This is how Leonardo captured Mona Lisa’s smile
‘Mona Lisa's smile is so enigmatic because it represents the moment of breaking into a smile. And Leonardo's quick eye captured that and held it’
Paris — Scientists believe Leonardo da Vinci’s super-fast eye may have helped him catch the enigmatic magic of Mona Lisa's smile.
This superhuman trait, which top tennis and baseball players may also share, allowed the Renaissance master to capture accurately minute, fleeting expressions and even birds and dragonflies in flight.
Art historians have long talked of Leonardo's “quick eye”, but David S Thaler of Switzerland's University of Basel has tried to gauge it in a new study published Thursday alongside another paper showing how he gave his drawings and paintings uncanny emotional depth.
Thaler's research turns on how Leonardo's eye was so keen he managed to spot that the front and back wings of a dragonfly are out of synch — a discovery which took slow-motion photography to prove four centuries later.
The artist, who lived from 1452 to 1519, sketched how when a dragonfly’s front wings are raised, the hind ones are lowered, something that was a blur to Thaler and to his colleagues when they tried to observe the difference themselves.
Thaler said that this gift to see what few humans can may be the secret of Leonardo's most famous painting.
“Mona Lisa's smile is so enigmatic because it represents the moment of breaking into a smile. And Leonardo's quick eye captured that and held it,” he said.
“So often our memories are of a fixed image, not a movement. Leonardo and perhaps other artists had that ability to pick up the point of breaking into a smile” or emotion.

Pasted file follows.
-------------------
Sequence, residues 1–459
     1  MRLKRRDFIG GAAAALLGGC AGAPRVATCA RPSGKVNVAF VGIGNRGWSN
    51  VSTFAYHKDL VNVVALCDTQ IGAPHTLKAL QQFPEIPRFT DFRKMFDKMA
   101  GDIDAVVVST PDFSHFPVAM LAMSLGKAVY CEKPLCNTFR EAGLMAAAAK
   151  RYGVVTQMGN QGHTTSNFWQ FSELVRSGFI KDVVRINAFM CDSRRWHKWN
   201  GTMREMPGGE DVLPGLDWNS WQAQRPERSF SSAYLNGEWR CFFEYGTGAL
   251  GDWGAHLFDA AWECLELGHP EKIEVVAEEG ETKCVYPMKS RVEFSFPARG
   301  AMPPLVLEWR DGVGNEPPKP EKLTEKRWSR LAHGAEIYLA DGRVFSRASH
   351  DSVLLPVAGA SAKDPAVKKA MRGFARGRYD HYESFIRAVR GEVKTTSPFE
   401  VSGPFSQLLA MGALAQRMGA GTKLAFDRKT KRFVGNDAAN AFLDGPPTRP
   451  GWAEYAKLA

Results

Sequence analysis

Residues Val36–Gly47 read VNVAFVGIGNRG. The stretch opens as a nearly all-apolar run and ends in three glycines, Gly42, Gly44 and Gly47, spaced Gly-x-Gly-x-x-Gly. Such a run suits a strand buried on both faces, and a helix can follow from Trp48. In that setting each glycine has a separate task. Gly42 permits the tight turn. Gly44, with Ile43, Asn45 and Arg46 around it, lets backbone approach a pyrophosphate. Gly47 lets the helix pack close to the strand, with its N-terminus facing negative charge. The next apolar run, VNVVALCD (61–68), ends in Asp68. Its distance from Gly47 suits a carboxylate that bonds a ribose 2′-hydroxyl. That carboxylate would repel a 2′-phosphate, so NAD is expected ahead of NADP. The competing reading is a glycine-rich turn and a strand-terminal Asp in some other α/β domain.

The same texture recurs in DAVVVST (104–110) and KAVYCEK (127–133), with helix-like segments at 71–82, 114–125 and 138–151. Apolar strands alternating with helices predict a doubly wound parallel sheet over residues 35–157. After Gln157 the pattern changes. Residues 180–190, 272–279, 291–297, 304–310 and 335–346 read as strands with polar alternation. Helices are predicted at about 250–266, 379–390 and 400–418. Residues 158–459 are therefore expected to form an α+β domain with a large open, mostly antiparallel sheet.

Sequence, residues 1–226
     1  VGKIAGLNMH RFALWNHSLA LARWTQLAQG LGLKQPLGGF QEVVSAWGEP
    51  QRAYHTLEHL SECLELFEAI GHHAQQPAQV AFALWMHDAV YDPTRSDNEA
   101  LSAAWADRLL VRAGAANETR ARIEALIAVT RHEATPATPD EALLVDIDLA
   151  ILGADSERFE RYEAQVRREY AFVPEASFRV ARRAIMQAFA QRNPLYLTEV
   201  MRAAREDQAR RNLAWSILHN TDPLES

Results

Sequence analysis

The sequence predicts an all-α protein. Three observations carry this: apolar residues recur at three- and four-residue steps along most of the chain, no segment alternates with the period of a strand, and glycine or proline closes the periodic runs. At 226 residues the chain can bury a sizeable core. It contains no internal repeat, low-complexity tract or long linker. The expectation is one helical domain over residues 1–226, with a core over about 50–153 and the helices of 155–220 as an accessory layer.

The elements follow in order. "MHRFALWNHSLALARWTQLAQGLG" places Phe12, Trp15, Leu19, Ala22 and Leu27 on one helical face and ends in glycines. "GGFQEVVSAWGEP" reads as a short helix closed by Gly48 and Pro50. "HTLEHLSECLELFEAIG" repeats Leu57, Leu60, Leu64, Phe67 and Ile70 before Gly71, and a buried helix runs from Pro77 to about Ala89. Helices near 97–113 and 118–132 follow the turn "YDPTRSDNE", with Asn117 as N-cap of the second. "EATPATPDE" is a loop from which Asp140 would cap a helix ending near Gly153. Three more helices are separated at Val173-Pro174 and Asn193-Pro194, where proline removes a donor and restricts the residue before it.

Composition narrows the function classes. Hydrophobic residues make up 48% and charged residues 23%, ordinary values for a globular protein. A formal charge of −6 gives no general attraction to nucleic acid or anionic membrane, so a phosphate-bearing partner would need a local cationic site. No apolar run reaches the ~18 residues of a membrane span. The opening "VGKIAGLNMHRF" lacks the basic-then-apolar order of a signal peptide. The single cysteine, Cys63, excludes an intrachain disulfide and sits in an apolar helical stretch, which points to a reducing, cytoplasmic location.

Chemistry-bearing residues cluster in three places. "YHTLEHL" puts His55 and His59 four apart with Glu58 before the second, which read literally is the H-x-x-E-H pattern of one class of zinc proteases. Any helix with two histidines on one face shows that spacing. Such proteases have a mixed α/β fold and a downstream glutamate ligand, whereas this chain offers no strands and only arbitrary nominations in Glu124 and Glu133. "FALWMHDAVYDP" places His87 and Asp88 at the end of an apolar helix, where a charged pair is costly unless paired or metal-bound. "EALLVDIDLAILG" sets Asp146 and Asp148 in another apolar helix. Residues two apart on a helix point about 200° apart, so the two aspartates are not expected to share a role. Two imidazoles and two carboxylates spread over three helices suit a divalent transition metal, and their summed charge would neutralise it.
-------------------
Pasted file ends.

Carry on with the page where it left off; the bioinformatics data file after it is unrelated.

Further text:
Thaler suspects the Japanese painter Hokusai — best known for “The Great Wave of Kanagawa” — had the same ability.
The Edo master (1760-1849) also picked up the difference in dragonfly wings, which led Thaler to wonder if “he saw (in) the same freeze-frame way as Leonardo”.
Thaler applied “flicker fusion frequency” (FFF) — similar to a film's frames per second - to try to judge Leonardo's extraordinary visual acuity in the study for the Rockefeller University in the US as a part of a wider Leonardo DNA Project looking at the Renaissance polymath.
Because of our slower FFF, we construct a single 3D image of the world by jamming together many partially in-focus images, he said.
Leonardo realised he could freeze the separate snapshots with which we construct our perception, Thaler believes.
Thaler said that he was fascinated by the case of Ted Williams, an American baseball legend who claimed to have trained himself to see the seams of a baseball as it flew towards him.
“It is said that elite batters can see the seams” even when the baseball is rotating 30-50 times per second, Thaler said.
In Leonardo's case, Thaler estimated that to see the difference in batting dragonfly wings clearly, the artist would have to have an FFF range of 50 to 100 frames per second.
The average person's is between 20-40 per second.
Thaler told AFP it was not clear if the gift was genetic or if it could be learnt.
Da Vinci's ‘evening’ portraits
The researcher also described in another paper how Leonardo used psychophysics — much of which still remains a mystery today — to communicate beauty and emotion.
He said Leonardo's mastery of the sfumato technique — which subtly blurs the edges of images and creates a 3D effect — allowed him to render lifelike expressions and gave an intimate gaze to his portraits.
He believes that Leonardo achieved selective soft focus in portraits by painting in overcast or evening light, where the eyes' pupils enlarge to let in more light but have a narrow plane of sharp focus.
The enlarged pupils of his sitters — also a sign of affection or attraction — were a mark of beauty in Renaissance portraits.
It appears to confirm what the artist himself wrote in his notebook: “In the evening and when the weather is dull, what softness and delicacy you may perceive in the faces of men and women….”